Scher: For instance, let’s take politics. Much of what we are triggered about with politics is not having control, experiencing unfairness, worry, and so on. Yes, this is happening and justifiable to feel these things. But the intensity of the feelings often come from times you’ve felt this before. Something everyone can do would be my Alternate Temple Tapping technique. You simply tap on each temple alternately in a nice steady rhythm as you focus on whatever you’re currently feeling. This works to calm the body’s fight, flight, or freeze response in relationship to stress. So, when you tap, you are actually mitigating or calming that stress response in your body.
WAT: Do you tap regularly to keep centered? What would be a sample of a daily routine?
Scher: I tap almost every day. It’s so easy and is truly life-changing if you integrate it into your day, even for just five to ten minutes. I use some form of tapping from the book (there are three kinds of tapping, but they are interchangeable) to tap about whatever might be stressing me that day. I usually only do a few minutes at a time, but it makes a huge difference for my mind and body.
WAT: Your writing is so down to earth, so easy to read, and calming. Was that something you intended, or is that your natural style?
Scher: Yes, this is my natural voice. Whenever I talk to readers, they say “Oh my gosh, you talk just the way you write!” It really works both ways. I also talk and write honestly and casually – because I believe it’s easier to read and hear that way. We all want to learn from real people, not “experts” or people we can’t relate to.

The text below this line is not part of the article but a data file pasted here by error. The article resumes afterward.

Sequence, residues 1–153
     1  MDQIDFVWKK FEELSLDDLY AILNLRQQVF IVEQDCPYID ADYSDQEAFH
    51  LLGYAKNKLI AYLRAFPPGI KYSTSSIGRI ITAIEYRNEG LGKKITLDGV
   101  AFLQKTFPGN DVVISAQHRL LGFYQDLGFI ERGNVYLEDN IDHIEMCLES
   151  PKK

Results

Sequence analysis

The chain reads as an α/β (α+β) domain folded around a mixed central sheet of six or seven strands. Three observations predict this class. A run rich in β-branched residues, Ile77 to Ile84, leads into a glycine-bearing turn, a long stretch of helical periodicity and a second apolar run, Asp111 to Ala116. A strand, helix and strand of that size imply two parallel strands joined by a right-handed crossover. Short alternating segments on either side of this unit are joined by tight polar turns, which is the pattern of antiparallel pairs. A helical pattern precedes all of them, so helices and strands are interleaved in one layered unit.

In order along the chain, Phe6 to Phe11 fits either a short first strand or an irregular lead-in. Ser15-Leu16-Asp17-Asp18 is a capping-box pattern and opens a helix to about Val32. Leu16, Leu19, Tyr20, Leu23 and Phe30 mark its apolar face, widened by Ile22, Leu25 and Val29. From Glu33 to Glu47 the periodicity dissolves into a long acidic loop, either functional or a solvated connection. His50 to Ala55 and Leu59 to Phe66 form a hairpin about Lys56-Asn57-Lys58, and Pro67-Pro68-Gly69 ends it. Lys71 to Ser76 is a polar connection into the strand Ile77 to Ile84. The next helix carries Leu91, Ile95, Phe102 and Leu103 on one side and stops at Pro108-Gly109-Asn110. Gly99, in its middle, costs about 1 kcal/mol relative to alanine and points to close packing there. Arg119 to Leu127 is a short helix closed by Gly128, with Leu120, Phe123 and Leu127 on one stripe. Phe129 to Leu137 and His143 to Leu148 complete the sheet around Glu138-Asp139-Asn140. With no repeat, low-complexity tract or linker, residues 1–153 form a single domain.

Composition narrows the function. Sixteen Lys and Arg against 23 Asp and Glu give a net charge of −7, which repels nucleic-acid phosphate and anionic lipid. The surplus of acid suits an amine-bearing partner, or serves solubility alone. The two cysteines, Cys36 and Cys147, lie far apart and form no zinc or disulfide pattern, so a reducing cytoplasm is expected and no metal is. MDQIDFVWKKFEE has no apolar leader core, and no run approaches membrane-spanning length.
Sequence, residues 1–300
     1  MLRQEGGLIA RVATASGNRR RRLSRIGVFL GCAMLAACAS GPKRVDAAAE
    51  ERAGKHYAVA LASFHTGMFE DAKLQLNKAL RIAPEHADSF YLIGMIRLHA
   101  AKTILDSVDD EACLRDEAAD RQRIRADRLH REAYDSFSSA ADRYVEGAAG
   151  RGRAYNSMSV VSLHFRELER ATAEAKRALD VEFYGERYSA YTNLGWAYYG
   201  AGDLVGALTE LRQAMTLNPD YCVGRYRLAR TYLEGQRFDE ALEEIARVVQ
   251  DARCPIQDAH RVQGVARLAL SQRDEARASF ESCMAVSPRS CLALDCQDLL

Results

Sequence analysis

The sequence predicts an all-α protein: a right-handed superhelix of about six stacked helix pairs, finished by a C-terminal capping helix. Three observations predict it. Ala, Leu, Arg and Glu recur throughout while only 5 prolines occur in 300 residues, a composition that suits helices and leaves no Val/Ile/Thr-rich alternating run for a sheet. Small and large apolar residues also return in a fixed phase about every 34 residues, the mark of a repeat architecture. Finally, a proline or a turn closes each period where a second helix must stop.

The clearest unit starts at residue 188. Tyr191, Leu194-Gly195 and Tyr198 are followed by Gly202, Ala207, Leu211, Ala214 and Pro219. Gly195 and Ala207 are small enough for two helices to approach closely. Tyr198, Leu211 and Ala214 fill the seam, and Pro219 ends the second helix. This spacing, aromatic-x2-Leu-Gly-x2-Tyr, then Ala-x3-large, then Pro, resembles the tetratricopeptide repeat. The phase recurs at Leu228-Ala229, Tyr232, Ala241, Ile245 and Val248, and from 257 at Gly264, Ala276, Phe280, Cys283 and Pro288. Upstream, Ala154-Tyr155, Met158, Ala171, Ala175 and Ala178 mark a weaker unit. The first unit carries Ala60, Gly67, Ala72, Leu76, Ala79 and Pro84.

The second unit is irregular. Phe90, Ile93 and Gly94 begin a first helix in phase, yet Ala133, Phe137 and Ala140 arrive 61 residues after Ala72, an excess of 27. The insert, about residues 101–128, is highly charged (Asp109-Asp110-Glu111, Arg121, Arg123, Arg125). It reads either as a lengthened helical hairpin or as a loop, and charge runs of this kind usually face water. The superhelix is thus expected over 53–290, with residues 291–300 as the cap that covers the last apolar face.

WAT: Sometimes we get depressed because of the emotions we hold inside, but also because if we admit the emotions, we have to deal with them. Like a broken marriage, an adult child you can’t help, or a job you can’t escape. What kind of statement can we say as we tap? And, what parts of the body would be best to tap for those three specific dilemmas?
Scher: The best statement to use while tapping is always exactly how you feel. To describe how you feel in your own words will help release those feelings best. In your example about a child you can’t help, I’d personally say something like “I feel so bad that I can’t help him/her and it makes me feel helpless.” But it could be anything that’s true for you. And any of the three tapping methods from the book would work. There is no specific part of the body to tap on for certain challenges; it’s more that you want to tap on a set of tapping points that work together to release that emotional energy from all of your body.
WAT: How did you know the book was “done?” Was it because you were on a deadline? Or you knew you had covered everything you could in this book? I can imagine this subject could have been double the number of pages!!
Scher: It’s done when it’s time to turn it in. It’s done when you stop waking up in the night thinking about what you should add. It’s done when you realize that you can’t put every single thing in a book because it would be too long, and no one would read it. Ha.
Photo credit: Tatiana Scher Photography